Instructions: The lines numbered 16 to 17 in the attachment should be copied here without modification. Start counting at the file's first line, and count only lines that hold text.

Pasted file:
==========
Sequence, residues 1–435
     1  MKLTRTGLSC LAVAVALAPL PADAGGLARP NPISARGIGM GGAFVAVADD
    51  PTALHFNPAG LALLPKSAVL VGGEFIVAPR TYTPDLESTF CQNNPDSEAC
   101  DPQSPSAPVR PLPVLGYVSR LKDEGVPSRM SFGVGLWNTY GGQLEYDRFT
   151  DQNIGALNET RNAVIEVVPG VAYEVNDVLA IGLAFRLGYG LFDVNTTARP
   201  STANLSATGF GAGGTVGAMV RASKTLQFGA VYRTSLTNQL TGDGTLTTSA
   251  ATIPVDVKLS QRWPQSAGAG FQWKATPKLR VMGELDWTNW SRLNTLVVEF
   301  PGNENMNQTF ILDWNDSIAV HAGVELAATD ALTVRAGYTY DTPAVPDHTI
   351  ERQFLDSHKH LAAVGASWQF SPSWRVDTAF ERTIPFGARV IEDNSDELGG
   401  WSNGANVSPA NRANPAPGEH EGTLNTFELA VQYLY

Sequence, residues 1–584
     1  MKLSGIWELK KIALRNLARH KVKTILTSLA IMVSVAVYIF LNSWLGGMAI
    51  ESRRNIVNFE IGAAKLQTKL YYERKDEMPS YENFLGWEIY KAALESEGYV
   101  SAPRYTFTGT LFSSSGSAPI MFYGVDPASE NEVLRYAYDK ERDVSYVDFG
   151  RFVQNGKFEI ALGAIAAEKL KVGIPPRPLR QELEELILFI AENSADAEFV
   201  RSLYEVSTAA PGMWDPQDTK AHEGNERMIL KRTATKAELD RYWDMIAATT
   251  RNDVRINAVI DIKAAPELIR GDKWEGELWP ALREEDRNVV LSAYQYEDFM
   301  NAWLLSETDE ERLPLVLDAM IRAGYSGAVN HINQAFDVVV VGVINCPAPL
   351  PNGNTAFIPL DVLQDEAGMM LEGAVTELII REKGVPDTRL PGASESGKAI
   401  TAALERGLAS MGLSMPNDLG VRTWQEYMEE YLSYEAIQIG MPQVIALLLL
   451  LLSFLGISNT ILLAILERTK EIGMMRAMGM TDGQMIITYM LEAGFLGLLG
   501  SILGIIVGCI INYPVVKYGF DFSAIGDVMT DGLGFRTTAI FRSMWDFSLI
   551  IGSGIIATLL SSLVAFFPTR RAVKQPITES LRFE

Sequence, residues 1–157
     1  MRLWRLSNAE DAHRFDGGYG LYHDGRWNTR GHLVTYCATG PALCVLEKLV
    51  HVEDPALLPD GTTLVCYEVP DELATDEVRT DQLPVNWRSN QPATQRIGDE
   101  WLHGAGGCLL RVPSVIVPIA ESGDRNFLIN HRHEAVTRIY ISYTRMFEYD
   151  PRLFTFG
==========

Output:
   201  RSLYEVSTAA PGMWDPQDTK AHEGNERMIL KRTATKAELD RYWDMIAATT
   251  RNDVRINAVI DIKAAPELIR GDKWEGELWP ALREEDRNVV LSAYQYEDFM